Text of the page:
Our interest in policy is international and definitely not confined to U.S. policies. It is very true that the current public policy on substance use and abuse in the US is different from many parts of the world. However, having region specific papers, U.S. and others, may be of general interest. An international discussion will enrich the journal's content. Furthermore, policies in one country affect policies elsewhere.

What do we mean by policy?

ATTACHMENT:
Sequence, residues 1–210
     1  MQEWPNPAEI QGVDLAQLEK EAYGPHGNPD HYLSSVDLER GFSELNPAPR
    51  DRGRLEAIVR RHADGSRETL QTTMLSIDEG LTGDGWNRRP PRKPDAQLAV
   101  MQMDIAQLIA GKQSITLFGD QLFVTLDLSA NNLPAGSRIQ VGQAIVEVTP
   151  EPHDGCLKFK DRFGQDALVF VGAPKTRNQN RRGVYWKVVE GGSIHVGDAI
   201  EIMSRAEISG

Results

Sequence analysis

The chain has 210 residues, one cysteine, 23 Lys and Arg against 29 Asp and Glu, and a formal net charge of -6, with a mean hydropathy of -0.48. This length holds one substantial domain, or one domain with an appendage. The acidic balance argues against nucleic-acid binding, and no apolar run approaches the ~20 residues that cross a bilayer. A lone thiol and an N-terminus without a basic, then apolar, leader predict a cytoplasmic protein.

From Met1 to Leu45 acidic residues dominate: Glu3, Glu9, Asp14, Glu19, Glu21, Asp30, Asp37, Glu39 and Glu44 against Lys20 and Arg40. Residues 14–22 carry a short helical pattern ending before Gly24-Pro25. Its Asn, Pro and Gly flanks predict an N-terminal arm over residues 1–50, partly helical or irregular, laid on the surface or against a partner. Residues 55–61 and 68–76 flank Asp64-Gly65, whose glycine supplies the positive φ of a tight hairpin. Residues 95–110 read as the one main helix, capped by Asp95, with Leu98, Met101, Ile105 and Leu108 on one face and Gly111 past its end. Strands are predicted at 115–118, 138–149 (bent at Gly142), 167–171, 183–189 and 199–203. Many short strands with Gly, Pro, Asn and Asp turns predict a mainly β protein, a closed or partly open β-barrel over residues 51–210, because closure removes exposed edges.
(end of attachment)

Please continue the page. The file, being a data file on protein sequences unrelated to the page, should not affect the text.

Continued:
We envision the term "policy" to be broad and not just public, governmental, or legal policy. Policies include issues with clinical practice, the definitions of abuse, cultural perspectives (e.g., regarding stigma, language, parity), or other issues. For example, a current policy in the practice of treatment may be for individuals to undergo a detoxification (detox) period of about three days. This practice likely comes from alcohol addiction and allows treatment staff to closely monitor the person during the time when delirium tremens or seizure might occur. The three-day time period may not apply to other substances of abuse (e.g., marijuana, stimulants) but in practice the detox period remains the same. It would be interesting for someone to review the purpose of the detox period or even review how detox is done in other regions or situations. Another policy example regards the separation of substance abuse treatment from mental health treatment. That separation is widely prevalent in the US and likely occurs elsewhere, too. More generally, governmental and healthcare system policies affect the delivery, access, and process of both treatment and prevention.